A Little Hurricane Humor

 

No, hurricanes aren’t a laughing matter, but in truth, humor helps. One of the classics that’s been passed around meteorological circles for years is this cartoon by Gary Larson, creator of The Far Side. Flying into the eye of a hurricane’s no joke, but even those intrepid hurricane hunters laugh at this one.

If you’ve never watched a Hurricane Hunters video, this one, provided by the Smithsonian National Air and Space Museum, offers a nice overview of their work.

 

Comments always are welcome.

Bringing Broadway Home

Yes, the Corona virus is serious. Its spread is worrying, just as the willingness of people across the country to stay at their posts in retail shops, hospitals, doctors’ offices, and grocery stores is more than admirable.

Still, there are frustrations and tensions as the world attempts to navigate its way through essentially uncharted waters. There’s anger at politicians and hoarders, befuddlement in the face of empty shelves, and a strong desire for easy or quick answers which refuse to come.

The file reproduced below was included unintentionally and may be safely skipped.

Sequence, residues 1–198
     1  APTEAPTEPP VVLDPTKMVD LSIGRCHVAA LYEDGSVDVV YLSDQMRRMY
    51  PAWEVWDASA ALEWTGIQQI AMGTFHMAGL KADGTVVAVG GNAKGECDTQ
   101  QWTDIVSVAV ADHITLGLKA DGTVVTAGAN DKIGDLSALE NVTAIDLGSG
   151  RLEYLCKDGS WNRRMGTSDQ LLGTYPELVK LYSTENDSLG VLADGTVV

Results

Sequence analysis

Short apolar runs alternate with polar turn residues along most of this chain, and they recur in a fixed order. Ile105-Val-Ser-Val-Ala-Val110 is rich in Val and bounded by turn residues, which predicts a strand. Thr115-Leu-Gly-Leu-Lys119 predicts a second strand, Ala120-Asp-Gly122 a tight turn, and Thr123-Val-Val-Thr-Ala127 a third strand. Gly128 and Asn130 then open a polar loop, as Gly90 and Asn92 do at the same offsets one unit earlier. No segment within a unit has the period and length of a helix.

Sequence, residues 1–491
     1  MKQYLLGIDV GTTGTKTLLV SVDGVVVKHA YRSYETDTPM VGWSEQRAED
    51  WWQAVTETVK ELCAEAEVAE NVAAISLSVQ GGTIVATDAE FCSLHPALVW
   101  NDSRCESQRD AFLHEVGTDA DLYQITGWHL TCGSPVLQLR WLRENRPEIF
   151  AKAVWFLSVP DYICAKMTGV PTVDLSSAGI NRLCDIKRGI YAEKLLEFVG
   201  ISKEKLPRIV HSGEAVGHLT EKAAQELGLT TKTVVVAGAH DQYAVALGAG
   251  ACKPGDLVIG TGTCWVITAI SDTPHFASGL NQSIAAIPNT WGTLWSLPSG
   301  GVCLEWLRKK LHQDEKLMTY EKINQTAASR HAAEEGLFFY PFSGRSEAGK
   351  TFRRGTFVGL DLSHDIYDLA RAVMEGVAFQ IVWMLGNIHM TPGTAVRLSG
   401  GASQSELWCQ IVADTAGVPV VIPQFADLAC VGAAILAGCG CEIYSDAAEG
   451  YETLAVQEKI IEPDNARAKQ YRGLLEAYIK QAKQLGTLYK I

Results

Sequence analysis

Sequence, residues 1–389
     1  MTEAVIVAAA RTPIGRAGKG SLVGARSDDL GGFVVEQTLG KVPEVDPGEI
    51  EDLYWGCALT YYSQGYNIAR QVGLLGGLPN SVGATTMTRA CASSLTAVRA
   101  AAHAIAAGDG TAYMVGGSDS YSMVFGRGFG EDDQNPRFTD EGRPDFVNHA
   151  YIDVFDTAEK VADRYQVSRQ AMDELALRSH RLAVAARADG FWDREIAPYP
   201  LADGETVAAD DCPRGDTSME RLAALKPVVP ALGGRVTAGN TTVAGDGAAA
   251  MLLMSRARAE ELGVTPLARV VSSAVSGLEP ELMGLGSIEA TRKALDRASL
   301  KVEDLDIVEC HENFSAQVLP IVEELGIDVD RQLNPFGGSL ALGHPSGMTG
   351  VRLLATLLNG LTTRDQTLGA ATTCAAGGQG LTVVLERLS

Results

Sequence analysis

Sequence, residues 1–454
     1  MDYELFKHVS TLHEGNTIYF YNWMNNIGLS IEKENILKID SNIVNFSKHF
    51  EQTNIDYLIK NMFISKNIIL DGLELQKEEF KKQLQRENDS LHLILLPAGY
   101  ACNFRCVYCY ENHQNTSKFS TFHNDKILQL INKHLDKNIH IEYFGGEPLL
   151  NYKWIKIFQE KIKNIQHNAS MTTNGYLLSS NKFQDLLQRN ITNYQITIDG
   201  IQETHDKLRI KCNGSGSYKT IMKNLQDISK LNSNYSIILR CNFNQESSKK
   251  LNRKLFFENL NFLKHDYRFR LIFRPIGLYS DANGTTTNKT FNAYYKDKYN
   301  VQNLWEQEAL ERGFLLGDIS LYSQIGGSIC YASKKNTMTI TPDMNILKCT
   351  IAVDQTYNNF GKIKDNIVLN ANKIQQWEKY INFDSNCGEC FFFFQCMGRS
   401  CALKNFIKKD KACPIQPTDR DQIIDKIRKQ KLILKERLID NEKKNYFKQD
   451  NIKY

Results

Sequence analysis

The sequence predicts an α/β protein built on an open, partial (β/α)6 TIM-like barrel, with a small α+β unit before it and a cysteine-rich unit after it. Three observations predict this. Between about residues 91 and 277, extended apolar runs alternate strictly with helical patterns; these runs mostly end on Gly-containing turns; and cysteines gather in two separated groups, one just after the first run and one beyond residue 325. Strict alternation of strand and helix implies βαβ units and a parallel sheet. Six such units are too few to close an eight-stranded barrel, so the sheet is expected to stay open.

Given the realities, a little humor can be a relief, and when a friend passed on this video (thanks, Jeanie!), I laughed all the way through one of the best bits of parody I’ve seen. No, it’s not entirely safe for work, but since most people either aren’t working or are working from home, that’s not much of an issue. Enjoy!

 

 

Comments always are welcome..

Carry and Cache

 

There’s little question that these slightly shriveled berries were produced by the plant known as yaupon (Ilex vomitoria), a member of the holly family that’s native throughout the southeast, from Texas to coastal North Carolina.

How they came to be clustered in this hollow — part of a large, decaying tree stump — is hard to say, since there wasn’t an over-hanging yaupon branch to drop its berries into the stump. Even if there were, it seems unlikely that so many would have collected there.

It is food-gathering time, with squirrels burying pecans or collecting and drying fungi, while woodpeckers and bluejays energetically seek out and store acorns. Still, this seems a poor spot for caching food. Perhaps a younger and less experienced critter gave it a try, but decided to find a drier, more secure spot.

On the other hand, Christmas is drawing nigh. Perhaps this is only an optimistic squirrel’s version of cookies and milk. With such tempting berries in the stump, surely Santa Squirrel will pay a visit!

 

Comments always are welcome.